An Ohio panel of politicians and industry leaders painted a dire future for the coal industry, with one executive arguing it could be completely destroyed by the Obama administration’s so-called war on coal.
“This represents a coordinated effort to accomplish the total destruction of the United States coal industry,” Robert Murray, president of Murray Energy, told a crowd at Ohio University on Monday.
“President Barack Obama, his appointed cabinet cronies, and his supporters in the U. S. House and Senate, are rapidly accelerating their attacks on our jobs and nothing has been enacted to even slow them down, let alone stop them,” Murray said. “Mr. Obama has totally usurped the legislation branch of our federal government in his radical agenda.”
Other witnesses in the hearing were similarly grim in their outlook on coal.
“All Ohioans should be concerned about the growing list of announced power plant closures in our state with no plan to bring online additional power-generating capacity to meet our current and projected needs,” said Ohio state Rep. Mike Dovilla, who organized the field hearing. “Ohio’s hard-working families will be particularly impacted as analysts have projected electricity rate increases of up to 300 percent.”
Ohio has been hit hard, particularly by Environmental Protection Agency regulations aimed at curbing carbon dioxide emissions and other pollutants. According to the American Coalition for Clean Coal Electricity, the U.S. will lose 285 coal plants across 32 states as more EPA regulations make coal burning uneconomical. Thirty-eight of those closings will occur in Ohio.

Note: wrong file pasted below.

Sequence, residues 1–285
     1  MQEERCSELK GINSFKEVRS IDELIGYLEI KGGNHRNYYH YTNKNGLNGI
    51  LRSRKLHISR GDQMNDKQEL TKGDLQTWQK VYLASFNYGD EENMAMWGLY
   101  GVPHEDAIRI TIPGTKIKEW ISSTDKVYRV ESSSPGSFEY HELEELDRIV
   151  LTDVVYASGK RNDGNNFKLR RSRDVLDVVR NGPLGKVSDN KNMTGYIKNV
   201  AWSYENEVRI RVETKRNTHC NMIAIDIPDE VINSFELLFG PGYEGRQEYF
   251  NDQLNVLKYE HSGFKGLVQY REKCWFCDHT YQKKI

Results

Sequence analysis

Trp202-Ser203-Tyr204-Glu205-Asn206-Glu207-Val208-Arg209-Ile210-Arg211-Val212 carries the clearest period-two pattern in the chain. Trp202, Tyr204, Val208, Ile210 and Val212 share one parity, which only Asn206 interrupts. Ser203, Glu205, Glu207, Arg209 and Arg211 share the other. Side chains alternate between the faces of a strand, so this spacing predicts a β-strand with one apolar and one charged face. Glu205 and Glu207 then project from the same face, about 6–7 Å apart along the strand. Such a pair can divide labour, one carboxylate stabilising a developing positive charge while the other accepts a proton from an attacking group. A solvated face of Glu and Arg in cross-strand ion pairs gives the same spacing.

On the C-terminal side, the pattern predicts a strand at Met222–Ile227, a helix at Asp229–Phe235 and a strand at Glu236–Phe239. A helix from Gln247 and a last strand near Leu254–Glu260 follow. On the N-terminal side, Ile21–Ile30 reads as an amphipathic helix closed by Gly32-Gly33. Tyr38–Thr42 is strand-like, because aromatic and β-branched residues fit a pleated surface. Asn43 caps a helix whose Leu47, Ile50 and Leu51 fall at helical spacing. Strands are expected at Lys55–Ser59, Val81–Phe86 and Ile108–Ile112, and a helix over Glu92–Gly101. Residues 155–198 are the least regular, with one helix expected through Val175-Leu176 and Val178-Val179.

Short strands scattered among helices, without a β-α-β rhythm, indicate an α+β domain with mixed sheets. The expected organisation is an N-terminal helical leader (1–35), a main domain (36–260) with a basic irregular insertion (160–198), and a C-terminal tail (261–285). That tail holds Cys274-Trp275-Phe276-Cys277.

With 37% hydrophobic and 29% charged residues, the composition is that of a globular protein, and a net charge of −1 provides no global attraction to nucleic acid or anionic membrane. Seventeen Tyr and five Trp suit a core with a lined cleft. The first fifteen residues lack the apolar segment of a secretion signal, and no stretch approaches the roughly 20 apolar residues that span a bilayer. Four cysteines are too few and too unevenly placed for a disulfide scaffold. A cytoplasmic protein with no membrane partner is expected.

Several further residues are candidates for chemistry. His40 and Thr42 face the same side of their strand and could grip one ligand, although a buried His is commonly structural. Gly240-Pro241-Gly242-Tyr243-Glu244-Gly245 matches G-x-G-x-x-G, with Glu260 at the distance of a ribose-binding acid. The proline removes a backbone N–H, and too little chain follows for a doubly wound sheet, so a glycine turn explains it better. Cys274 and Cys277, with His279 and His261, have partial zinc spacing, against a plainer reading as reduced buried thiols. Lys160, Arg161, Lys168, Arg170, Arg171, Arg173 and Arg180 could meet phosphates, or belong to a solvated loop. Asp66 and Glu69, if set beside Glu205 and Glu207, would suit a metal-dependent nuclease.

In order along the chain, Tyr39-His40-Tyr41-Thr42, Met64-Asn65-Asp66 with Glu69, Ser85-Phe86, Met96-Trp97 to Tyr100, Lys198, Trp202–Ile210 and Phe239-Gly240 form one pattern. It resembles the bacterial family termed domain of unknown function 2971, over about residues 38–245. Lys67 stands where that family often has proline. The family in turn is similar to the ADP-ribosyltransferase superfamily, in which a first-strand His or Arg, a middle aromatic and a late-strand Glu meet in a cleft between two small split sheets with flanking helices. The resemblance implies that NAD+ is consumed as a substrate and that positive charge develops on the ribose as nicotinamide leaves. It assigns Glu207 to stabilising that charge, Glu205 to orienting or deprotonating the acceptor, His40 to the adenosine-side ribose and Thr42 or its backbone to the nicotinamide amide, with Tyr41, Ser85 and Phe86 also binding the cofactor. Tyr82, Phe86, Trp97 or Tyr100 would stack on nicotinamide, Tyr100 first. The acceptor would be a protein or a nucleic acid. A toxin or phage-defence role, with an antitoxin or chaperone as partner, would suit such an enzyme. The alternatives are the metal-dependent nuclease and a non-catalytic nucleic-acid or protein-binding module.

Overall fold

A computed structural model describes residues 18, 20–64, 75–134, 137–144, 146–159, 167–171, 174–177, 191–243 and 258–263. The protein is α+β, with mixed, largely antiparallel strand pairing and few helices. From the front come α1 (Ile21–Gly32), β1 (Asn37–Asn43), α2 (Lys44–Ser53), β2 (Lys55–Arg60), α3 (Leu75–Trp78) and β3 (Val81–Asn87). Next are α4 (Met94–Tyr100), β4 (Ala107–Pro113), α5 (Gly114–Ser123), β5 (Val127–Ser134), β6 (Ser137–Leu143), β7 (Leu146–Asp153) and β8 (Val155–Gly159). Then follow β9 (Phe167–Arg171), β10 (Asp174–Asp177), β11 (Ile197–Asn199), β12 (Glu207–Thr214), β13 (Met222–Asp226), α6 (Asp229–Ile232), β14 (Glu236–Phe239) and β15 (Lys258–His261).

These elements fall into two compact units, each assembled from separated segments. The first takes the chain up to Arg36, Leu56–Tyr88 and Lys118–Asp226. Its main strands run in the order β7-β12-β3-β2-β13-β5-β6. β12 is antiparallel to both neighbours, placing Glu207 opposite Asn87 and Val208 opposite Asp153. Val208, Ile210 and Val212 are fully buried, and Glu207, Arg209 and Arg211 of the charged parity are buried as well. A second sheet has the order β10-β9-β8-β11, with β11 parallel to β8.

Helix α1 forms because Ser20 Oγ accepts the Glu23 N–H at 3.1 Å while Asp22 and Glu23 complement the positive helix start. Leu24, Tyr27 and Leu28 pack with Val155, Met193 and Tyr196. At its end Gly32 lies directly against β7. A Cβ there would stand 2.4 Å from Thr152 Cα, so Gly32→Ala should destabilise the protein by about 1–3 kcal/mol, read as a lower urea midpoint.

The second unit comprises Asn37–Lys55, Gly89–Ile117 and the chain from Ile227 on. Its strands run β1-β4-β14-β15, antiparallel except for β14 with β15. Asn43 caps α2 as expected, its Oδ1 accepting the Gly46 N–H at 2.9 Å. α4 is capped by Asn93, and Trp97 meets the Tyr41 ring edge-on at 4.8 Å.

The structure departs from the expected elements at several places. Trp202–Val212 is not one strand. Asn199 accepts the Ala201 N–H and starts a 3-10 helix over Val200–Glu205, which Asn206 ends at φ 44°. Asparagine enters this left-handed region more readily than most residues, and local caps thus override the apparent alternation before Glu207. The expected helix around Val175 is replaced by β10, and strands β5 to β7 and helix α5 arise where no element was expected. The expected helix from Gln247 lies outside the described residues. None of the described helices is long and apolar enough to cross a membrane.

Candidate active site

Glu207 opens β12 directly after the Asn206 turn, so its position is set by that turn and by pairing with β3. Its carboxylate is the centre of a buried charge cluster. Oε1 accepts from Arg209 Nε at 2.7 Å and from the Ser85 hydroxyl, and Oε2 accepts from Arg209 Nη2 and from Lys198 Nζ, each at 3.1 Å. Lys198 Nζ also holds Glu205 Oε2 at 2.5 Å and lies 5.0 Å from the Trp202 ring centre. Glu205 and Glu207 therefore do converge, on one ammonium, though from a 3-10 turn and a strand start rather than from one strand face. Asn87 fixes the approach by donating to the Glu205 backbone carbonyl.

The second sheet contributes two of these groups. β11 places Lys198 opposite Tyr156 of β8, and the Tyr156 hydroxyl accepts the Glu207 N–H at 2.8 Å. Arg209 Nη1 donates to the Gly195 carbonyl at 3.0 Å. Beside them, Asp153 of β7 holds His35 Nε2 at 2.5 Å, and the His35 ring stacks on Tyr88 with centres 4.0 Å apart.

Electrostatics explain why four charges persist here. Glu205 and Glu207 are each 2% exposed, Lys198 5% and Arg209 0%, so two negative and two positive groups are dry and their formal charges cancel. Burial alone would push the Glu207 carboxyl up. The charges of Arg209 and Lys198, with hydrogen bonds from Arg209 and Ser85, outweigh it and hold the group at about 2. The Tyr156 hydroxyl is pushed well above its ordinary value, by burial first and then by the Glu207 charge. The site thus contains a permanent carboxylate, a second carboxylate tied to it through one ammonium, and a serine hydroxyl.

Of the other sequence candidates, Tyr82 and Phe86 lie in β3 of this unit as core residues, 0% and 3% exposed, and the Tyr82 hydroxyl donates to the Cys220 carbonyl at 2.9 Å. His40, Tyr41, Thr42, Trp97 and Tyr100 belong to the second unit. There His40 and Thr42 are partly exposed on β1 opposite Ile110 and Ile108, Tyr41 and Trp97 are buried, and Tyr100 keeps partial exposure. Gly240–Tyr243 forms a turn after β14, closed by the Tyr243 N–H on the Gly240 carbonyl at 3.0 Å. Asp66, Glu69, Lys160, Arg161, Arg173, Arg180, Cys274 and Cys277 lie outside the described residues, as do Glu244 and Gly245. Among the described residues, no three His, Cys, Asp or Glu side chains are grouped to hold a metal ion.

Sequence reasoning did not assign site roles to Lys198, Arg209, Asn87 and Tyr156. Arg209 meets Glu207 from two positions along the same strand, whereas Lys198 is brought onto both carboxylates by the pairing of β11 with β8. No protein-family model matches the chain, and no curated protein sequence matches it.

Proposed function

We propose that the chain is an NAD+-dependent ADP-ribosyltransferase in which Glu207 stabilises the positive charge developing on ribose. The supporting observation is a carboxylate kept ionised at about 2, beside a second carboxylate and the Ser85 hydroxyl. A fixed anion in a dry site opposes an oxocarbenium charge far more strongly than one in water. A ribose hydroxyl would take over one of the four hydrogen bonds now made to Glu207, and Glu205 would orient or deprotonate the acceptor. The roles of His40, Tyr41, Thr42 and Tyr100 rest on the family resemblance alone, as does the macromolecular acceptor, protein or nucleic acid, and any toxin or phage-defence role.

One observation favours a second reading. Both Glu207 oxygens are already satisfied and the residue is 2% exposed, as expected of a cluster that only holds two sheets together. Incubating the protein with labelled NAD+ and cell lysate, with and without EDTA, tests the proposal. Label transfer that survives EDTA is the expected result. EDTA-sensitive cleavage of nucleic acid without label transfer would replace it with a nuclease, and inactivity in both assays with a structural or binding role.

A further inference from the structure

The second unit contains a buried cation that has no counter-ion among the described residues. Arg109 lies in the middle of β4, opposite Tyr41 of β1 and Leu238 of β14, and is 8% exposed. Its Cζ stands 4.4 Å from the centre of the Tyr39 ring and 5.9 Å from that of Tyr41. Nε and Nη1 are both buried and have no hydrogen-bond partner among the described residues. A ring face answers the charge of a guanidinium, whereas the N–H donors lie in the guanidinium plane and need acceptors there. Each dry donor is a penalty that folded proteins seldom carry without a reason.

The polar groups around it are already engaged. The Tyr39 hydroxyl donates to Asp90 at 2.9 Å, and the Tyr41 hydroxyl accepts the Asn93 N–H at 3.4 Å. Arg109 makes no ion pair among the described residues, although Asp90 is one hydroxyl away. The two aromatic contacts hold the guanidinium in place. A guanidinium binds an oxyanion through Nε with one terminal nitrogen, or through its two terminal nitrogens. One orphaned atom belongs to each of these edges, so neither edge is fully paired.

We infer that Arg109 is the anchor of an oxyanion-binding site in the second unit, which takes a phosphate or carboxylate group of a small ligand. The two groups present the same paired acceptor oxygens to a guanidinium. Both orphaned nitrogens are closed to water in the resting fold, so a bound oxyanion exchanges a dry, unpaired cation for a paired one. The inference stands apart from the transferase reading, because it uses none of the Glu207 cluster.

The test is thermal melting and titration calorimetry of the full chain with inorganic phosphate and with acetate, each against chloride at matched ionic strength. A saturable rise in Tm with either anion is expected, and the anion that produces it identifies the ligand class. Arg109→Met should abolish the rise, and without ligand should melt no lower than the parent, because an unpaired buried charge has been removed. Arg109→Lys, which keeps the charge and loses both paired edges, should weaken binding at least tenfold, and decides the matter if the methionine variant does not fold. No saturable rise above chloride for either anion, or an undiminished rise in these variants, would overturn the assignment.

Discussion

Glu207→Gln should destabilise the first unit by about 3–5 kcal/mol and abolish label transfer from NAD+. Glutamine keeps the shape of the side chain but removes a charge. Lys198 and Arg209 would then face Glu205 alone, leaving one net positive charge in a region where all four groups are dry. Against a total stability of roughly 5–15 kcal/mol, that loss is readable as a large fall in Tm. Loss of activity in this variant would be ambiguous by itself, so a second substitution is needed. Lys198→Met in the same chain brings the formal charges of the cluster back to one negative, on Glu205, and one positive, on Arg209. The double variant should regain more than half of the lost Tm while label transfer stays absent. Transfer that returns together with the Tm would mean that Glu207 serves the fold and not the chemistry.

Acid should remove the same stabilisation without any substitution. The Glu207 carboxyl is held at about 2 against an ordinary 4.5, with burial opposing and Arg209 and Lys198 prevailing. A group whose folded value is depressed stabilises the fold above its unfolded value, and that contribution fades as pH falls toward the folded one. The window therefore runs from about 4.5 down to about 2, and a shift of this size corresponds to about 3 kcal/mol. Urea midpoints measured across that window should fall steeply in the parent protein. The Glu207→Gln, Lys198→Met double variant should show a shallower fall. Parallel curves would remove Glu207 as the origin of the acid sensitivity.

According to the Times Leader, a local newspaper, “coal-fired electricity has been an affordable and reliable electricity source for many Ohioans; approximately 78 percent is consumed by Ohioans.”
Murray, who has been in the coal industry for 56 years, has personally been affected by Obama administration regulations.
Last year, an Ohio-based subsidiary of Murray Energy announced layoffs in the state, citing EPA regulations as the reason for the plants going idle.
More recently, the power company American Electric Power announced it was shuttering an Ohio coal plant as part of a legal settlement with environmentalists, the EPA, and other groups. AEP was given the option to convert the plant into a natural gas plant, but opted to close it due to high regulatory costs and market conditions.
Earlier this summer, Obama unveiled his new plan to combat global warming, which included using the EPA to cap carbon dioxide emissions from coal-fired power plants.